Assigning Multiple Action Triggers to your Events

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In this article I discuss a particular type of interaction between the player and events.

We start by looking at the basic “action” trigger and how it works. Afterwards, we go straight into how we can turn this simple idea into an extremely efficient and effective way to create events that will respond to you differently depending on how you choose to interact with it.

The Action Trigger

As an RPG Maker developer, the first thing you should become familiar with in an event is interacting with it by pressing the action button. This is by default the Z key or the Enter key.

Let’s set up a simple event that greets you:


Note the trigger type we use: Action Trigger. This specifies how the event will be triggered.
Without any custom scripts, we use some pictures to make our dialogue seem somewhat more attractive to look at.

Going into the game, we can go up to our event and press the action button, which will set off the action trigger.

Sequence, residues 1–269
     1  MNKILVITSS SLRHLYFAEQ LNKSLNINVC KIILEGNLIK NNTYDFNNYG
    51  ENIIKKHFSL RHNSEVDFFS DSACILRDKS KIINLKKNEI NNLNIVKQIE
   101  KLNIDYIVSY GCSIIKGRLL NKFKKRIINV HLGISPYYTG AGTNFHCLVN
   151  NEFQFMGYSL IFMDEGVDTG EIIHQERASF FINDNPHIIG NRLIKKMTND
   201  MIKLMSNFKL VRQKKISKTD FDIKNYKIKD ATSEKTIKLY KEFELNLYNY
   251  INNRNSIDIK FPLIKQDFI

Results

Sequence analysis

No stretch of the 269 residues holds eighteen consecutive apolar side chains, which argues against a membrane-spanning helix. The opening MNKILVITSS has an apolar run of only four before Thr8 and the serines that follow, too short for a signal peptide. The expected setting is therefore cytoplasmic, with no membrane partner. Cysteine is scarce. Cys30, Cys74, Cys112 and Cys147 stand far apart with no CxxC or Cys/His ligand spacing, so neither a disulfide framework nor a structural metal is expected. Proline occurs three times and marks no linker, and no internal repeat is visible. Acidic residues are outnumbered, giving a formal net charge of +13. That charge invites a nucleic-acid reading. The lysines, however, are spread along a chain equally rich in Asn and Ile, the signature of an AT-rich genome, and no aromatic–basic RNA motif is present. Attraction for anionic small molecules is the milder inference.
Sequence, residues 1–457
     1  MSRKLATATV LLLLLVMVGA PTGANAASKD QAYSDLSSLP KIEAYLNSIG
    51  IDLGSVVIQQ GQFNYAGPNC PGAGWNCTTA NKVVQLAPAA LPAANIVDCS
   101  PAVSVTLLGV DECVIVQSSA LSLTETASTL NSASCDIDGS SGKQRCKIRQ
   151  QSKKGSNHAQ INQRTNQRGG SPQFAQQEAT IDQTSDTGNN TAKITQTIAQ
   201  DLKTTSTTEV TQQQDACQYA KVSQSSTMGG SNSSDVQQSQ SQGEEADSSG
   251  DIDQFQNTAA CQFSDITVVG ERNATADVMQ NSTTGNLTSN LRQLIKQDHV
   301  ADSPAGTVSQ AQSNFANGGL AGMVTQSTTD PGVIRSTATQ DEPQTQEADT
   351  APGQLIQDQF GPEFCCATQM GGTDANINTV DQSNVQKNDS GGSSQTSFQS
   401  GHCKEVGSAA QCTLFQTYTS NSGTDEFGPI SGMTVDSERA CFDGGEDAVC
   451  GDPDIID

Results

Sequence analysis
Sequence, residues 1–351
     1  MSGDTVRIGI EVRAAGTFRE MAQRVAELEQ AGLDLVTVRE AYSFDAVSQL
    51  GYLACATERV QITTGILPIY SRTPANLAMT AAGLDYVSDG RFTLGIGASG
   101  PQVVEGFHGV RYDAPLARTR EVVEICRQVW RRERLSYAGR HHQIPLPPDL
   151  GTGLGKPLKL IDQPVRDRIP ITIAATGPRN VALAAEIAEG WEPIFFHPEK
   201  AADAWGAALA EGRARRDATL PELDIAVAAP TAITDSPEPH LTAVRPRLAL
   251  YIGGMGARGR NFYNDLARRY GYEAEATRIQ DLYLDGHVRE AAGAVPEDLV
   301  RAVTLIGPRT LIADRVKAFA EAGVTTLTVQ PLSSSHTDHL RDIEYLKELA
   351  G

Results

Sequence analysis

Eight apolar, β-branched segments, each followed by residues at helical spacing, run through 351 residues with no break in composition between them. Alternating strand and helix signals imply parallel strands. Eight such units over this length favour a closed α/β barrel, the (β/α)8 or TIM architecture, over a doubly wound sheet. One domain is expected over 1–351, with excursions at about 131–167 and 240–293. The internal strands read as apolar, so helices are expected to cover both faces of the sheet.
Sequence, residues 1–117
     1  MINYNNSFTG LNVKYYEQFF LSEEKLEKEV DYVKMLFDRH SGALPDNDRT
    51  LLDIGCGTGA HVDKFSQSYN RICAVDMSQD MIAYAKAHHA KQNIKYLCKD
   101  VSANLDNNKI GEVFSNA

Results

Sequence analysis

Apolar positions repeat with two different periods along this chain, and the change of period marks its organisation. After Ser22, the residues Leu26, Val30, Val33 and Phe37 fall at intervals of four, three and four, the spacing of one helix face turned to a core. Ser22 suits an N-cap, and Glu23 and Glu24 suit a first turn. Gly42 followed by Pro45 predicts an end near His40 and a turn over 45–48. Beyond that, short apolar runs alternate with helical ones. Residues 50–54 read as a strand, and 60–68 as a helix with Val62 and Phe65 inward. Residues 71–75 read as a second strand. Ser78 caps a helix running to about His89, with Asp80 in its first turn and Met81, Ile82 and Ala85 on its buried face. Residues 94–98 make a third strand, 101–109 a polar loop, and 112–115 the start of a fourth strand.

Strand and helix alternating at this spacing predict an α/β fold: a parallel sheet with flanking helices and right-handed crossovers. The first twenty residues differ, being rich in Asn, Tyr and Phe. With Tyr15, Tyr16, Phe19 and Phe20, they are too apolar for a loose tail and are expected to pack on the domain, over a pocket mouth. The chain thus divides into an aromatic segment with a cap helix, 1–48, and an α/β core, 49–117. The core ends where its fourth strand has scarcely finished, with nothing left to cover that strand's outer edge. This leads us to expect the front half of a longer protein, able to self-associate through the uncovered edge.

And that’s a basic overview of how the action trigger works. That’s basically all there is to it: you press a button, and the event is triggered.

An Alternate Action Trigger

Suppose you have a card mini-game, and you would like to be able to play cards with different NPC’s that you see in the game. Perhaps the card game has its own set of quests and you have to defeat certain characters in order to complete the quests.

Or suppose you have a pickpocket system where you can press a certain button when you’re facing NPC’s, and instead of talking to them, you would instead trigger a steal action that would determine whether you successfully steal from the NPC or not.

There are many possible use cases, and it would be very convenient if we can implement the event sequences while providing an easy way to maintain them.

Review of Button Input

RPG Maker provides two modes of input: keyboard, and gamepad. I will assume you are using a keyboard.

There is a difference between the keys on your keyboard, and the buttons that each key corresponds to in the game. By default, the action button is assigned to the in-game “C” button. However, that doesn’t mean you will trigger the action button by pressing the C key on your keyboard.